Interpreting in the Public Sector

Community interpretation, or public sector interpretation, is the oral translation that takes place between a service provider (health, welfare, law enforcement, etc.) and service recipients who do not speak the same language. Most of the translation in this context is simultaneous, and can be performed face-to-face or remotely.

Since the 1990s, this field has been recognized as a separate branch in the study of interpretation, in light of its unique characteristics—gaps in the power relations between the parties, professional dilemmas, the interpreters’ status in the Tripartite meeting, and of course, contents. This branch splits into sub-branches: interpreters in the field of physical and mental health, interpreters in law enforcement (police, courts, correctional services), educational interpreters, interpreters for refugees and asylum seekers, and more.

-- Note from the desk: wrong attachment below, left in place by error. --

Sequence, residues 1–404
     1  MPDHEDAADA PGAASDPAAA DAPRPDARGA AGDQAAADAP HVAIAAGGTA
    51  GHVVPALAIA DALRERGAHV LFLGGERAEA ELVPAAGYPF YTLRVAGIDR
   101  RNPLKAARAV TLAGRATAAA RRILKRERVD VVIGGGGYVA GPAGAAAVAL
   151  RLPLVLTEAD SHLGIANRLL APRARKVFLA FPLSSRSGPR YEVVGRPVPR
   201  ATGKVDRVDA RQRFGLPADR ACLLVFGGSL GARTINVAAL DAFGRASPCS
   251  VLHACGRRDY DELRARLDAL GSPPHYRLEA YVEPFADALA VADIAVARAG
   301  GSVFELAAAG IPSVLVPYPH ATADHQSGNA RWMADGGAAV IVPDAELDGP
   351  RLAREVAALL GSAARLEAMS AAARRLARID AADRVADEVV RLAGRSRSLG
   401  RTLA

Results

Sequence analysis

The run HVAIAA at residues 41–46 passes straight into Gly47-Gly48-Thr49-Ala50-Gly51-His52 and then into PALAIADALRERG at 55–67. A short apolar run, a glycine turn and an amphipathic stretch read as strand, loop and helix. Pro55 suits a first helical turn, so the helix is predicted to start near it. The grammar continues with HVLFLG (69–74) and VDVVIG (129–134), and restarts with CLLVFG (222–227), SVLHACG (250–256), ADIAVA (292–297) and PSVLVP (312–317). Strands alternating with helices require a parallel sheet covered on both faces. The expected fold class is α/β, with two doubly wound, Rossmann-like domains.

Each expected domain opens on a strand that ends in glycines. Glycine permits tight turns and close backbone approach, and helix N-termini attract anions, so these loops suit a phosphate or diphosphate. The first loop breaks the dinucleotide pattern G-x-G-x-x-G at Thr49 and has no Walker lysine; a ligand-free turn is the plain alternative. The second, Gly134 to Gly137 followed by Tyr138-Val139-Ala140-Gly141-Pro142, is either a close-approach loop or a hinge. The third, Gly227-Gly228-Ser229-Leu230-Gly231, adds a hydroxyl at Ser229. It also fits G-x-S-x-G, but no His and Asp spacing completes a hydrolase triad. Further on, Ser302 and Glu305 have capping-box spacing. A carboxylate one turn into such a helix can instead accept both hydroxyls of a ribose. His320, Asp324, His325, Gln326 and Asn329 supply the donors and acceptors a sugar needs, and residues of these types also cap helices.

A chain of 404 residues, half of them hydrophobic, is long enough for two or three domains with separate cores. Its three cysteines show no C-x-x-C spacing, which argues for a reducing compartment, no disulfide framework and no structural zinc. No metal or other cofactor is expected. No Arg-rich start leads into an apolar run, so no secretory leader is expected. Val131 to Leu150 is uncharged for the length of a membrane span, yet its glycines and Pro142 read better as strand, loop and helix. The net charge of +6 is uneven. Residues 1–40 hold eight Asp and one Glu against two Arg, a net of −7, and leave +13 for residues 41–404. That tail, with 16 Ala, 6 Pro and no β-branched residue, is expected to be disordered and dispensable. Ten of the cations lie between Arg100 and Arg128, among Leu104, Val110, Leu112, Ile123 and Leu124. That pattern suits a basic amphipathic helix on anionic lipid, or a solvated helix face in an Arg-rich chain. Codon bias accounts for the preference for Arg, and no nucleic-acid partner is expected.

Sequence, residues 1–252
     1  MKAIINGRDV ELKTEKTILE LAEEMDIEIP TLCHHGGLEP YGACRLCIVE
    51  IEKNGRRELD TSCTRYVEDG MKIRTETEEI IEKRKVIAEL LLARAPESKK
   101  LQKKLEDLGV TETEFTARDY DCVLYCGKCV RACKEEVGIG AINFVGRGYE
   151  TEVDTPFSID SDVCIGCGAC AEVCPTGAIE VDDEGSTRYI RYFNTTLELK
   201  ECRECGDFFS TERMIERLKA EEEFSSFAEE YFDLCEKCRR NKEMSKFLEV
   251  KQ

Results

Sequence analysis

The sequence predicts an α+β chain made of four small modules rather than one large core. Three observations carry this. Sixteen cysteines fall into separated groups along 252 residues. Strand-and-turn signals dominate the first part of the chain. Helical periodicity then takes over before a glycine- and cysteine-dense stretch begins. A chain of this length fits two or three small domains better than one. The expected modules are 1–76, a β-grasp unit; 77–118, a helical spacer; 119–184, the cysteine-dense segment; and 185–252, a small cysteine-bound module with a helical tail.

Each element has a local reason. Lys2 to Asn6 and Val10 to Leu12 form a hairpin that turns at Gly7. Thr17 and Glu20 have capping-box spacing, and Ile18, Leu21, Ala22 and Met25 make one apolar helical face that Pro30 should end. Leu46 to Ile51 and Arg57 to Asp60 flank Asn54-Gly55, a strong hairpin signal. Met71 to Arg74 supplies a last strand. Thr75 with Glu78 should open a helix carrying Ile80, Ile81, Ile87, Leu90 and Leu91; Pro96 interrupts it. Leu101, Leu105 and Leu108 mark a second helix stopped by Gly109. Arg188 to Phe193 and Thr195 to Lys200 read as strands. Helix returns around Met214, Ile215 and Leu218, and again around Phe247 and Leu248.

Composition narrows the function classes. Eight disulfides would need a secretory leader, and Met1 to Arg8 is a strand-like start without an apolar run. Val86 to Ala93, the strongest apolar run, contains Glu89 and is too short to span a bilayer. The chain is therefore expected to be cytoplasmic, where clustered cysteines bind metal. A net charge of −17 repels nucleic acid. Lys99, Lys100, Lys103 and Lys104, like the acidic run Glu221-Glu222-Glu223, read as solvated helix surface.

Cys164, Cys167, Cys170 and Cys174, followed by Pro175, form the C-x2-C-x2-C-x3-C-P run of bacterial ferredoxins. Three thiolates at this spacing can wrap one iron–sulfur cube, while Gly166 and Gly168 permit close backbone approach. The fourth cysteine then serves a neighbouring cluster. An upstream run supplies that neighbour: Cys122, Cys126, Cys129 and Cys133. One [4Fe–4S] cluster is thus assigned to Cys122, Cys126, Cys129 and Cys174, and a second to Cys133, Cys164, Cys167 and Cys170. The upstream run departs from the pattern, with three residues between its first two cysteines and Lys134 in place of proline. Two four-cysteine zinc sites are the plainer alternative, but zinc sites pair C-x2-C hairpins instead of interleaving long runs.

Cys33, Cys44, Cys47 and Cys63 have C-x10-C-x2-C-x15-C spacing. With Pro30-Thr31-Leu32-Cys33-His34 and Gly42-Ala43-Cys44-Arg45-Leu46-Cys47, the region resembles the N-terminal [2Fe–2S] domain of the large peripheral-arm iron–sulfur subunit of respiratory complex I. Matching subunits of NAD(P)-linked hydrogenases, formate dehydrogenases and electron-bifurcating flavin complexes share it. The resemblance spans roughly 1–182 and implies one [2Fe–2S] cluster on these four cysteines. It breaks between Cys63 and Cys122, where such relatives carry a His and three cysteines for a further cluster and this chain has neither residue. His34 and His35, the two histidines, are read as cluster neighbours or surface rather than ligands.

In the global world, where linguistic and cultural minority groups coexist—whether indigenous (such as Arabic speakers in Israel) or immigrants (new immigrants, migrant workers and refugees)—the need to make essential services accessible in different languages is increasing, so that all residents can consume services and exercise basic duties and rights regardless of their dominant language. However, in some countries this field has not yet been recognized as a profession, and therefore receives no investment in the form of capital, training or research.